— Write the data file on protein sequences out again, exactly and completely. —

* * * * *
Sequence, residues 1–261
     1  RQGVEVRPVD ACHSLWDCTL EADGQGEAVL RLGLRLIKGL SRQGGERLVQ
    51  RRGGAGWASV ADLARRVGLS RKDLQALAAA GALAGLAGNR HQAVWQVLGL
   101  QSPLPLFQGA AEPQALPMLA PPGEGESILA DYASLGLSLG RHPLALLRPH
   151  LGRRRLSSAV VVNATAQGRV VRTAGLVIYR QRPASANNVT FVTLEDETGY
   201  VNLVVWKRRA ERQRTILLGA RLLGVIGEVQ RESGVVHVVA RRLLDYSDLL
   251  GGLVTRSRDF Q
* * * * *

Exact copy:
Sequence, residues 1–261
     1  RQGVEVRPVD ACHSLWDCTL EADGQGEAVL RLGLRLIKGL SRQGGERLVQ
    51  RRGGAGWASV ADLARRVGLS RKDLQALAAA GALAGLAGNR HQAVWQVLGL
   101  QSPLPLFQGA AEPQALPMLA PPGEGESILA DYASLGLSLG RHPLALLRPH
   151  LGRRRLSSAV VVNATAQGRV VRTAGLVIYR QRPASANNVT FVTLEDETGY
   201  VNLVVWKRRA ERQRTILLGA RLLGVIGEVQ RESGVVHVVA RRLLDYSDLL
   251  GGLVTRSRDF Q